About the Filming
After scouting several southeastern states, the production company settled on the Knoxville, Tennessee area to stand in for the coal mining community of Coalwood, West Virginia. Franco [Larry J. Franco, the film's producer] explains that the weather and surrounding terrain were key ingredients in that decision, "The film takes place during a school year which covers fall, winter and spring. We needed a climate and environment that would accommodate that much flexibility."
Production began on February 23, 1998. The town of Petros, Tennessee was literally taken over by the film crew. "It was obvious to Joe and Barry Robison, our production designer, that these towns were exactly what we were looking for," says Franco. "With a little artistic help, we could recreate 1957."
"The town of Petros was itself there and it had been a coal mining town at one time but the mine itself was no longer there," notes Johnston. "So, we bought one, disassembled it, trucked it in, reassembled it and built the tipple that stands next to it."
In Petros, the crew rebuilt, bolt-by-bolt, a massive 125-foot wrought-iron mining tipple, an imposing contraption of rusty girders, pulleys and wheels which cycle a chain carrying buckets in and out of a huge sheet metal silo. The parts had been disassembled from a dormant Knoxville excavation. They also dumped tons of crumbled asphalt in the vicinity of the newly-erected tower and refaced, with weathered brick and tin paneling, a cluster of old Petros buildings (a couple more were built outright) to recreate the Olga Coal Company's base of operations, complete with machine shop, wash house, first aid station and post office.
Even the real Homer Hickam was amazed at the accuracy of the set. He notes that the sets simply overwhelmed his senses. "When you came into Coalwood during that era the first thing you noticed was the coal mine itself because the whole town's focus was this 800-foot shaft that the coal tipple was built over and where all the men in the town, every day, disappeared," Hickam, recalls. "This film has done the same thing: its focus, really, is that tipple, and everything that goes around it. I think that, especially at night, when I've gone over to the set and looked at that tipple at night with the lights glowing and the way all the offices are around it, I think I'm back in Coalwood."
The filmmakers were equally committed to recreating the interior of a mine. "The miners use continuous mining machines that grind the coal out and create these perfect tunnels," Johnston notes. "They almost look like hallways. Most of the mines we visited are very low, only 52 to 58 inches, so we wanted that to be authentic. You have to bend to get to it."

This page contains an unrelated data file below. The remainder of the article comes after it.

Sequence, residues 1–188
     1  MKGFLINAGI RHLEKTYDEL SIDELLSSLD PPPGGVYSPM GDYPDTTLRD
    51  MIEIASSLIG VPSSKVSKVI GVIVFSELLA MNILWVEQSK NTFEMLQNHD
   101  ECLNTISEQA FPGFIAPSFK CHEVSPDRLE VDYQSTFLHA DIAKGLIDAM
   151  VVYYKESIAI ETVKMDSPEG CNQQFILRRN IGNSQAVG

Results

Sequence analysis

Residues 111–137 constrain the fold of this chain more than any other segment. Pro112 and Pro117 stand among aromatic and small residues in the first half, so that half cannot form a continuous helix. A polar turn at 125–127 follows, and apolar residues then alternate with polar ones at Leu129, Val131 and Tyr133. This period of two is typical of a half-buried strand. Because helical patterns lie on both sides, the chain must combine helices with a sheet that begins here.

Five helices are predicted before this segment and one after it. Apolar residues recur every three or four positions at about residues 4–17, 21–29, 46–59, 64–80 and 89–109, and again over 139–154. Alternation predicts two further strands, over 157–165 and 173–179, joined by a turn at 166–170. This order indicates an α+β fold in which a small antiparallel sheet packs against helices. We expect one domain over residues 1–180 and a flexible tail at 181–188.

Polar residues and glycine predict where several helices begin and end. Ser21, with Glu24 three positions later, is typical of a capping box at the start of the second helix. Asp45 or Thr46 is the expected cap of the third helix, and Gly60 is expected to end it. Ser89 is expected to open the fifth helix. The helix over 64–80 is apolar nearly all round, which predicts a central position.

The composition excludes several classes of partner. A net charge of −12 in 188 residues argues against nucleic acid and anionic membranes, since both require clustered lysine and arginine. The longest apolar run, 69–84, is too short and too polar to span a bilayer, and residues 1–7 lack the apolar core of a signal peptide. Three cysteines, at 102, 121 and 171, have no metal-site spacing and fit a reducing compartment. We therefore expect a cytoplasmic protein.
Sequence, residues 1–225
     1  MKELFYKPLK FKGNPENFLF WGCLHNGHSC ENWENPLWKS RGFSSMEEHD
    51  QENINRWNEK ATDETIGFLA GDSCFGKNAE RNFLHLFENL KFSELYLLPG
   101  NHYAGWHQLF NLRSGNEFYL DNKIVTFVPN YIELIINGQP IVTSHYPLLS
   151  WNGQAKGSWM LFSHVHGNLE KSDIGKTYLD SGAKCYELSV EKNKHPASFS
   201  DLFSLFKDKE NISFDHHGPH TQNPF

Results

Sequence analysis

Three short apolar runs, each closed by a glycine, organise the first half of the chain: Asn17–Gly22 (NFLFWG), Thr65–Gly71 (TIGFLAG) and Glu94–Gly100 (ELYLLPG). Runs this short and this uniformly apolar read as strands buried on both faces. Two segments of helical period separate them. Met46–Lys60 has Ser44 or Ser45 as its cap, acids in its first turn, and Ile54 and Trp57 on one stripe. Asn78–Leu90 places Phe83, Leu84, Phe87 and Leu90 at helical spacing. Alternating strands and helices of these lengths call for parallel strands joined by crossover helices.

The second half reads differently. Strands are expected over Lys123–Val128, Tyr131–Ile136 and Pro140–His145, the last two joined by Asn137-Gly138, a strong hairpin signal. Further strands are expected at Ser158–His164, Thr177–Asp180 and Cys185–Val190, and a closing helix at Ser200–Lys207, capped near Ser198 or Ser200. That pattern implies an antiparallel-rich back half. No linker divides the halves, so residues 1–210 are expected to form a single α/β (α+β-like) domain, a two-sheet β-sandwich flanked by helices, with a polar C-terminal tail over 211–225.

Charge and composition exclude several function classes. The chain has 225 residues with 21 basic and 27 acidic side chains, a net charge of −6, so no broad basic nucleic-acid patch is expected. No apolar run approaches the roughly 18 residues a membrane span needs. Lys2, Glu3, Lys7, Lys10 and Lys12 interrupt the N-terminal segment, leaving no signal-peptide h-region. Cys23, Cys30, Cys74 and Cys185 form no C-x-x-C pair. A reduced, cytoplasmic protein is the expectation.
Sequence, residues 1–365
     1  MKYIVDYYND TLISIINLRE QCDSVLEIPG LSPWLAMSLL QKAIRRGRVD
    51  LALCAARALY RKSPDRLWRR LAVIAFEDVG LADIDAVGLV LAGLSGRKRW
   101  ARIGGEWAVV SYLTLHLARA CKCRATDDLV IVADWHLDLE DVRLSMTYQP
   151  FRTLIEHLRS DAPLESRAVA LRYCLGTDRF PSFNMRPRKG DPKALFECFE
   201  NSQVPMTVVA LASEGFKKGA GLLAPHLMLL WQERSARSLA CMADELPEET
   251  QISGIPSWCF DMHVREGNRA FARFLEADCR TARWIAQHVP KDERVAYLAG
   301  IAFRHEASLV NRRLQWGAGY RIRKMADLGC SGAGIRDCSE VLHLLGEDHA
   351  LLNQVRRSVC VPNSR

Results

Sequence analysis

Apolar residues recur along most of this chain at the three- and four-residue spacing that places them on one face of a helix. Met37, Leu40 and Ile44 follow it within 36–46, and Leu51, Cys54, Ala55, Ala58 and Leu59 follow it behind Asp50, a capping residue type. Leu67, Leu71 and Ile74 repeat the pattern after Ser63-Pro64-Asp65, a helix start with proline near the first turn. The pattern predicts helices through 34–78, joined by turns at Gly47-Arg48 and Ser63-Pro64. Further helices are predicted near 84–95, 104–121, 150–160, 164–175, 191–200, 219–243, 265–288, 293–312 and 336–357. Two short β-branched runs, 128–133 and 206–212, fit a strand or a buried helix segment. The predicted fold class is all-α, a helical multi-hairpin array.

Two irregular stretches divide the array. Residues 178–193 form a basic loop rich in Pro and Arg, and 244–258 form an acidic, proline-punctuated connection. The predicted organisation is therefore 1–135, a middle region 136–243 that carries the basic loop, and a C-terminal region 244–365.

The director notes that there is an almost sinister feel to the mine. "If there's a villain in this movie, it's the mine, which is a little bit unfair," he says, "because the mine was also the source of the life in the town. But when the coal gave out and the mine shut down, the town usually died."
The filmmaking team also brought an old 1911 steam locomotive up from the Tennessee Valley Railroad Museum in Chattanooga and rented a handful of buildings in Oliver Springs and Harriman, Tennessee-many of which house active businesses-and recast them, with new storefronts and signs, as the hub of downtown Coalwood; they removed the asbestos and lead paint from the old Brownlow school in Knoxville and repaired faulty wiring in the marquee lights of the Tennessee Theatre.
The film's production utilized more than 2,000 local extras and actors, as well as drawing around 60 percent of its 200-man crew from the ranks of area technicians and laborers. Cast members and extras were dressed 'in soot-covered denim and heavy gray coats, their faces smeared black, all carrying 1950s era lunch buckets in and out of the mine.
Later scenes set in Indianapolis, where Homer's functional model rockets earn a berth in a national science fair, were shot in Knoxville's aging center city.
The most formidable challenge for the filmmakers turned out to not be the mine, but the unpredictable weather of eastern Tennessee. "The weather is not severe, but it changes several times a day," Johnston muses. "We had every possible kind of weather, including snow. It made shooting difficult-we would have to stop in the middle of a scene and start other scenes because the weather would change so drastically. I think there was one time when we had four separate scenes start on one location because we had rain, sun, overcast, snow, you name it. But, ultimately, the movie looks great because of it. It gave the film a much more interesting and varied look."
Johnston, a longtime admirer of the American railroad, relished the opportunity to have total control over a section of trainyard. "We were shooting at an area called Canyon Creek that is a small switching yard and we were very fortunate because the railroad let us do anything we wanted," he recalls. "We could pull up tracks and replace them and change switches. I was amazed. It's almost like having a life-size electric train set. And it was particularly advantageous, because in the film, the boys do what they want with it anyway, believing it to be abandoned, which it turns out not to be."
Production wrapped on April 30, 1998.